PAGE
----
Taking photos from an airplane window seat usually results in banal or just bad (hazy, blurry) pictures. Here are some remarkable exceptions to that rule (in French with credits and links).
Talented Ukrainian nature photographer Vyacheslav Mishchenko has an eye for taking photos that bring small natural worlds up to our level, showing us how the world might look if we could see it through the eyes of an ant, snail or lizard. [more inside]
Veiled Truths by Hossein Fatemi [New York Times] [ Photo essay.] Photographs of women in Iran — who still face censure for insufficiently modest dress — through their hijabs.
After 12 years of anticipation, the tallest skyscraper in the Western Hemisphere is ready for its close-up. How 10,000 workers lifted 104 floors, gave new life to an international symbol and created one spectacular view.
The Ninth Floor. [NSFW] The Ninth Floor documents a group of addicts who moved into the apartment of a former millionaire in a wealthy neighborhood in downtown Manhattan. Shocking, haunting photographs by Jessica Dimmock. [more inside]
It was not the first time that Adam Magyar has had to explain his work to mystified observers. Born in Hungary in 1972, Magyar began taking pictures in his late twenties, roaming the streets of Asian cities and capturing images of Indian street vendors, Hindu holy men, and Himalayan students. His work evolved rapidly from conventional documentary photography to surreal, radically experimental imagery that reflects his obsession with finding innovative new uses for digital technology. A self-taught engineer and software designer who assembled his first computer while in his teens, Magyar captures his images using some of the world’s most sophisticated photographic equipment, modified with software he writes himself. Additional code, also of his own design, removes nearly all distortion, or “noise,” from his data, producing images of remarkable clarity.[more inside]
In January 1978, a then unknown, and still very much undiscovered photographer by the name of Dinanda H. Nooney began documenting Brooklynites in their homes. She gained access to the private lives of hundreds of perfect strangers, who showed her around, introduced her to their families and became part of a collection of over 500 largely unseen gelatin silver prints, known as The Nooney Brooklyn Photographs.
For over a year, the Pittsburgh Post-Gazette has been digitizing old photos from its far-reaching library and putting them on a Tumblr called The Digs. [more inside]
Touch Isolation: How Homophobia Has Robbed All Men of Touch, a reflection prompted in part by Bosom Buddies: A Photo History of Male Affection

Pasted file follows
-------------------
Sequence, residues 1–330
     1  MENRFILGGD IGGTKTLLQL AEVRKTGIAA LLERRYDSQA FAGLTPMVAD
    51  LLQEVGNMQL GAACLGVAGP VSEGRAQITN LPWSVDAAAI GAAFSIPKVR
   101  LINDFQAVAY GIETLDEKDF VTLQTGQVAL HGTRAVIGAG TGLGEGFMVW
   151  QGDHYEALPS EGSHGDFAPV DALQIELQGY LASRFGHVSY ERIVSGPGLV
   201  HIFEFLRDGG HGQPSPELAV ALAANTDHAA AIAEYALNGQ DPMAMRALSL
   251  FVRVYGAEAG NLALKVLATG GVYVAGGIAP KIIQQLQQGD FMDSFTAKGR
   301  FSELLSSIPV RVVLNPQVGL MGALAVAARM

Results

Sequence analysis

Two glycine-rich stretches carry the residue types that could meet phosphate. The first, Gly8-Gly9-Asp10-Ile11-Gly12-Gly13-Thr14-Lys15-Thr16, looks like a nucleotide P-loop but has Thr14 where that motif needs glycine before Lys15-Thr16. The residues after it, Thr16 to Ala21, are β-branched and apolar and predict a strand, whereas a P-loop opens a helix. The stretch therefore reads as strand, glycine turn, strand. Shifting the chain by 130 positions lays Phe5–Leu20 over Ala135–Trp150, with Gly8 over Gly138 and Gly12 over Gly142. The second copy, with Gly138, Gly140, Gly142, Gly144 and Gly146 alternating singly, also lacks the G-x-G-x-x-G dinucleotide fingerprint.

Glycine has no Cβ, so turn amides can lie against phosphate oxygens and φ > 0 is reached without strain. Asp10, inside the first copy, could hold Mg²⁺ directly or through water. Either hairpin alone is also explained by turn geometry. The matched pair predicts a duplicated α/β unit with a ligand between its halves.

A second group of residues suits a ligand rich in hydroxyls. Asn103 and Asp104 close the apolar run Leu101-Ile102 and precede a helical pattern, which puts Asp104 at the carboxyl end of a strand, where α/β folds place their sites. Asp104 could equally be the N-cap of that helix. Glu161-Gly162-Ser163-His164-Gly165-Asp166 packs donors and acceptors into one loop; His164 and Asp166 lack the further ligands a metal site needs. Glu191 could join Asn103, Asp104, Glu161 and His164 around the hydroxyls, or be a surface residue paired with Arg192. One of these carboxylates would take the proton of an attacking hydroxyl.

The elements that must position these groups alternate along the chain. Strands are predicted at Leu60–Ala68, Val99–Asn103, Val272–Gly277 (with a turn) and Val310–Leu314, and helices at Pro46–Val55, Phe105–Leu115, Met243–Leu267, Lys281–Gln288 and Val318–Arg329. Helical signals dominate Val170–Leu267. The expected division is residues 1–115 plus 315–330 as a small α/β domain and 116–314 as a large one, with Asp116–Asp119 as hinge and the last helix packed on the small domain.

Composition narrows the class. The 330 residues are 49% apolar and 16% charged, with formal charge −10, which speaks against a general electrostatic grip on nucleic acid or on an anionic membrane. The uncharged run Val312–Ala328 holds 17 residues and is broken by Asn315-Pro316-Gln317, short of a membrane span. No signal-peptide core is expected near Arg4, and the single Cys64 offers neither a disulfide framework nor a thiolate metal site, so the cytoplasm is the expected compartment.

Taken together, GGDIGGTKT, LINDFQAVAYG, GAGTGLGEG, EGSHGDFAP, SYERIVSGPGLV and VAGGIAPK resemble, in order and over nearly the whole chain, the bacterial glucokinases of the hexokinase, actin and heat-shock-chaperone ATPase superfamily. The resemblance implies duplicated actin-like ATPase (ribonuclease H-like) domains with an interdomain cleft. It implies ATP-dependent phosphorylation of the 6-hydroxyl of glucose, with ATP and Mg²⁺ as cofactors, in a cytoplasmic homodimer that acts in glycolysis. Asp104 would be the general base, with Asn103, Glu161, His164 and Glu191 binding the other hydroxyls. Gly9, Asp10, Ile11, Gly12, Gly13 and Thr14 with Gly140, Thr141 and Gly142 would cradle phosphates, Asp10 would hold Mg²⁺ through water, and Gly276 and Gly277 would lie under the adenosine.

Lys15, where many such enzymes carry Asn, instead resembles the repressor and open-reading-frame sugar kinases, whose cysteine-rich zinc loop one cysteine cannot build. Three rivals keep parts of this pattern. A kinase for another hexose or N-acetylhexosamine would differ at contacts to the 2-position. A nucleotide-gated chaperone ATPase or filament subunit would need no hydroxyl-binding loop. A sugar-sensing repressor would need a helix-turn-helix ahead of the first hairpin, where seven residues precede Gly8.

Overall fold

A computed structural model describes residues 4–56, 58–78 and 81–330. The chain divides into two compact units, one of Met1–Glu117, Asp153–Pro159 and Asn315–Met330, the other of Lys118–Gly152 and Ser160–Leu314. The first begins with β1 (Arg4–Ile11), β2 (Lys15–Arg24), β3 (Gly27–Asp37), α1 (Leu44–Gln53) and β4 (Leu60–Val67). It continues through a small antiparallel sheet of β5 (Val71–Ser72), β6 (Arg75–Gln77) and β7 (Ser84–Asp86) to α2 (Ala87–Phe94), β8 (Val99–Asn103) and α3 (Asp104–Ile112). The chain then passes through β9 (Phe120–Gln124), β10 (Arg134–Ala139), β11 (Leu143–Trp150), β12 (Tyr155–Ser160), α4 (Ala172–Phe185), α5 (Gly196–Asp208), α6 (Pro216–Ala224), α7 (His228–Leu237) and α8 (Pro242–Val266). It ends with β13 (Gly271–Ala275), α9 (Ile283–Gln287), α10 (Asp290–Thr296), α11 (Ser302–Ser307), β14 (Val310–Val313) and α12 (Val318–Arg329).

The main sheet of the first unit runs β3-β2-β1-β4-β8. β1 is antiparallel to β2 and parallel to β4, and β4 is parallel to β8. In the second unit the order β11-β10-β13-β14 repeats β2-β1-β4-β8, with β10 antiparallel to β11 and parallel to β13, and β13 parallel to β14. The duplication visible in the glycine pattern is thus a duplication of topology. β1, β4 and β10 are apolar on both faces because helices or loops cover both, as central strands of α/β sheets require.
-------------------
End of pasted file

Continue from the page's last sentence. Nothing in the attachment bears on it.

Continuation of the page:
The Lens Is Standard, the Photos Anything But Jerome Delay has been on a quest for simplicity while covering some of the most important stories in Africa for The Associated Press. For the last year he has relied almost exclusively on one camera, and one lens, a 50-millimeter F1.4.
"This wall of shame is dedicated to photographers that feel that it's okay to steal others work and post it as their own. Oh I'm sorry, it's okay to let their "web designer" do it."
Through the use of Photoshop, Swiss photographer Gus Petro shows us what it would look like if Manhattan was dropped into the middle of the Grand Canyon.
The New York City Municipal Archives Online Gallery offers over 870,000 historical images related to the 'city that never sleeps,' including maps as well as video and audio recordings. A selection of 53 images from the collection can be seen at In Focus. [more inside]
abandonedography.com is a seemingly-endless photo collection of abandoned places and things. Explore random sites, check out the favorites, see everything at once in the archive, or submit your own.
The Englishman and the eel is a photo essay of 93 images (thumbnails here; 2 pages) and article by London photographer Stuart Freedman that "attempts to look at (amongst other things) the significance and the decline of the eel and its fading from the changing London consciousness" with snapshots of "those palaces of Cockney culture, the Pie and Mash shops." [more inside]
Caught on camera: engineering in action 'The winning entries of the 2012 Photography Competition at the Department of Engineering[Cambridge], sponsored by Carl Zeiss, provide a stunning visual insight into the ways in which engineering makes a vital contribution to our lives.' [more inside]
Creepshots and revenge porn: how paparazzi culture affects women (The Guardian, UK)
"What unites creepshots [on Reddit], the Middleton photographs, the revenge porn websites," says Franks, "is that they all feature the same fetishisation of non-consensual sexual activity with women who either you don't have any access to, or have been denied future access to. And it's really this product of rage and entitlement"[more inside]
Wiki Loves Monuments: "World's largest photo contest" seeks to create a visual record of world monuments and historic sites on the Wikimedia Commons. The USA version focuses on sites listed on the National Register of Historic Places. Canadian version here. If you don't see your country among the 30 participating so far, you can volunteer!
"I replied to ads people had posted to the casual encounters section of craigslist. I asked if I could photograph them in visual representations of their ads. Some said yes." [NSFW: naked people.]
Lisa Kristine, a photographer, gives a thoughtful and very moving talk on the extent of modern day slavery in this TEDx talk. The photos she shows are absolutely beautiful and the bare-bones stories behind them are exceptionally hard to hear at times. The group she is working with, Free the Slaves, seems to be doing a lot of good work and working on real solutions for the people involved (such as the one example she gives where the slaves that were freed carried on doing the same work, the only work they had ever known, but rent the quarry themselves and are now the recipients of the profits etc). She has published a book with these photos as well and it's available on her website.
Tumblr of Photos from the Detroit News archives.
Once upon a time in Dubai — Gallery of vintage photos showing Dubai as it once was
Pascal Ken, after taking several trips to Japan between 2007 and 2011, took some beautiful, dreamlike infrared photos of Tokyo.